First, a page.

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Outsourcing eyes the middle market

For mid-sized companies that want out of the driver's seat, a growing number of small vendors are gearing up to offer application rental services.

For mid-sized companies that want out of the driver's seat, a growing number of small vendors are gearing up to offer application rental services.

One of the main players in this embryonic market, USinternetworking, filed to go public last week. The Annapolis, Maryland-based company collected $62 million in its second round of financing, and is backed by such heavyweights as US West and Siebel Systems.

The company's rivals, Corio, ServiceNet, and World Technology Services, are among an emerging group of so called Application Service Providers (ASPs) partnering with business software companies to stake a claim in the growing market.

Cambridge, Massachusetts-based Forrester Research estimates the market for packaged applications rental will hit $6 billion by 2001.

To date, Santa Clara, California-based Corio and Annapolis, Maryland-based USi have become certified providers of PeopleSoft'sapplications, so their customers can access the software across the Internet.

USi last year raised more than $95 million in two rounds of financing. The company used its first $33 million round of financing to build a network of data centers, hire 250 employees, and acquire two consulting and implementation companies.

Other players are busy making their own moves. Andersen Consulting has invested in Herndon, Virginia-based ServiceNet, which is focused on managing Lotus Notes applications, while World Technology Services has partnered with J.D. Edwards to outsource the company's accounting and financial software. J.D. Edwards has also teamed up with IBM Global Services to outsource its own applications.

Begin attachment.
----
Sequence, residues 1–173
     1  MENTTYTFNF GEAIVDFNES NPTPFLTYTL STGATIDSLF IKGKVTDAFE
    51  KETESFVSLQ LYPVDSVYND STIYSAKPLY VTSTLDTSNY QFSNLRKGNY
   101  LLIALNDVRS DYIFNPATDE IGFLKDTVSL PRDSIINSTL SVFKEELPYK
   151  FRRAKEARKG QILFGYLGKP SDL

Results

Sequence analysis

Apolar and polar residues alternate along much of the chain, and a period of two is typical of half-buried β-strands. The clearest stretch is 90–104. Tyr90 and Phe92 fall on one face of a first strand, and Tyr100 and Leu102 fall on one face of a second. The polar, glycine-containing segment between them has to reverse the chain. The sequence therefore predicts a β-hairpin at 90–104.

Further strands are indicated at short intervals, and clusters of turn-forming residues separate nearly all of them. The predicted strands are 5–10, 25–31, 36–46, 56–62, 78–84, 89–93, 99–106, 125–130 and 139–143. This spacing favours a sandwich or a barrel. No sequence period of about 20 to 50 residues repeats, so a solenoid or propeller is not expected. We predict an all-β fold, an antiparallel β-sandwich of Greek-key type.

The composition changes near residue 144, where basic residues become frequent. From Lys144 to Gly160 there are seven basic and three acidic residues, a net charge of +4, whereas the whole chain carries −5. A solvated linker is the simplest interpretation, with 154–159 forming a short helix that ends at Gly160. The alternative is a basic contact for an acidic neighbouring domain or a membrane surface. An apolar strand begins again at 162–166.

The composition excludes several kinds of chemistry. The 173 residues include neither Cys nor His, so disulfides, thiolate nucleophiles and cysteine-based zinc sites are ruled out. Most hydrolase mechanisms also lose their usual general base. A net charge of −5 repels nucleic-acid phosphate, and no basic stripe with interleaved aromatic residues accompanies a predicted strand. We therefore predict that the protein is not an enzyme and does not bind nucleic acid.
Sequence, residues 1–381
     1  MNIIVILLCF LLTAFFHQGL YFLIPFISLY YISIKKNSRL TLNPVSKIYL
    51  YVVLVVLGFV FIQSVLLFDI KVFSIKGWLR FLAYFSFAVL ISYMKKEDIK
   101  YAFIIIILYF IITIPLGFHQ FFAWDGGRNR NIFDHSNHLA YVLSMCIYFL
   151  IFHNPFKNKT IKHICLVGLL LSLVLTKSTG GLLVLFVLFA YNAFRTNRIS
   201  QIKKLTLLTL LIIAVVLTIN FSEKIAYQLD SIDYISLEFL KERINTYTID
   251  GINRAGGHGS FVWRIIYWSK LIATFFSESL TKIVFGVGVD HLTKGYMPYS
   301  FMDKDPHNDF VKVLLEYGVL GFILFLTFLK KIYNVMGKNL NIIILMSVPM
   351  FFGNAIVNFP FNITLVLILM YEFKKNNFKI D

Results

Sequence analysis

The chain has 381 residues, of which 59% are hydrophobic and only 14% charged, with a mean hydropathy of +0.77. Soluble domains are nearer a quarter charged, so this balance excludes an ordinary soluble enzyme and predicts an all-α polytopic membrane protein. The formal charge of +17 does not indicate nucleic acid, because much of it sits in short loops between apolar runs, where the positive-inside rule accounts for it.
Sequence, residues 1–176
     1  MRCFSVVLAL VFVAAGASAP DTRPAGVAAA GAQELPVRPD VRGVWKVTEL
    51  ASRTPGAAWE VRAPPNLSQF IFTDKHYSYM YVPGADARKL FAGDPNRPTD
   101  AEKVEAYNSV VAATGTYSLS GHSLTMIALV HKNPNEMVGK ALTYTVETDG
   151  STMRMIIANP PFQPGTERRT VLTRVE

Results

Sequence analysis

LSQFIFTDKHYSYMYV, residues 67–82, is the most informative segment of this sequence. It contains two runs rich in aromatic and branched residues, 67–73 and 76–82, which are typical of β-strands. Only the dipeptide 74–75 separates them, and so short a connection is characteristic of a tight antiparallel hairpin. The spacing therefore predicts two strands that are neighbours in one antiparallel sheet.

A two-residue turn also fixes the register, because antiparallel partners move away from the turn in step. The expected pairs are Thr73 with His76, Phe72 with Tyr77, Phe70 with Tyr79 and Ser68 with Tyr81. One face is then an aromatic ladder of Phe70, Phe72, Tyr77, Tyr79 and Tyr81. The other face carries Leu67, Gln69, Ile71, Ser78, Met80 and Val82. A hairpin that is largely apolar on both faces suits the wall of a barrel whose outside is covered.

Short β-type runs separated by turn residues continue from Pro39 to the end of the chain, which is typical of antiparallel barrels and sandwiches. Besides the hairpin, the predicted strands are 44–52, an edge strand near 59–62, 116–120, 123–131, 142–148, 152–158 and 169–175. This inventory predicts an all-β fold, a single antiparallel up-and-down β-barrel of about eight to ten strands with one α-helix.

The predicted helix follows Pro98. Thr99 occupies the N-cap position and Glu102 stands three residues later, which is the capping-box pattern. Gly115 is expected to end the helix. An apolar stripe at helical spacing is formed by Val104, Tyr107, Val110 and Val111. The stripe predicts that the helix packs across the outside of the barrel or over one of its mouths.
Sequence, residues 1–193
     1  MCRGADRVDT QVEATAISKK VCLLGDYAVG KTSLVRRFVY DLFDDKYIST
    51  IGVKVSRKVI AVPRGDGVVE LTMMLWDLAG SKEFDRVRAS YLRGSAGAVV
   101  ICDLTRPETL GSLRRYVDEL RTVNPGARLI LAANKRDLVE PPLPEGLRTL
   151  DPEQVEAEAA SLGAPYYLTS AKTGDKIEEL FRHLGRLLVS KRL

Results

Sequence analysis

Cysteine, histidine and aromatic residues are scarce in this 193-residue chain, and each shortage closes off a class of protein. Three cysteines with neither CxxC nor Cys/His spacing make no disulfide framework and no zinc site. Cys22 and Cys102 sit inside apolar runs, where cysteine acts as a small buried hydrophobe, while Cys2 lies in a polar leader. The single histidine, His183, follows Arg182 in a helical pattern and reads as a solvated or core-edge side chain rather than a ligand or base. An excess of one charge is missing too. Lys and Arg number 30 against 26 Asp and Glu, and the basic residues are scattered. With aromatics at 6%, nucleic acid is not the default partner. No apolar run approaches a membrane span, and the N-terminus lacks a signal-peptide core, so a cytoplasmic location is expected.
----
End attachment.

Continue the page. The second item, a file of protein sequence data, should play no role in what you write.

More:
Through outsourcing, service companies offer alternatives to middle-market customers who often lack client-server based systems--or the cash to pay a big, up-front license fee for business software applications. Through outsourcing deals, corporate customers pay a flat monthly fee for access to hosted applications. Employees typically use a browser to access information stored at the ASP's data center.

While the market is expected to pick up this year, analysts say there may be roadblocks to growth.

"One of the key challenges the whole market faces is customer acceptance of this whole concept," said Meredith McCarty, analyst at International Data Corporation. Future market success will depend on whether customers take to the services, she said, and tout the services to other companies. Any news of access problems or security glitches could be damaging, she added.

Yet Justin Behar, analyst at G2R, said security and performance concerns are minor when compared to the overall value of outsourcing.

For companies that can't afford to buy and maintain business applications in-house, outsourcing offers a viable alternative.

"The opportunity is there to get a sales force automation system from Siebel that I normally might not be able to get otherwise," he said. "There are some concerns, but the opportunity there I think will win people over."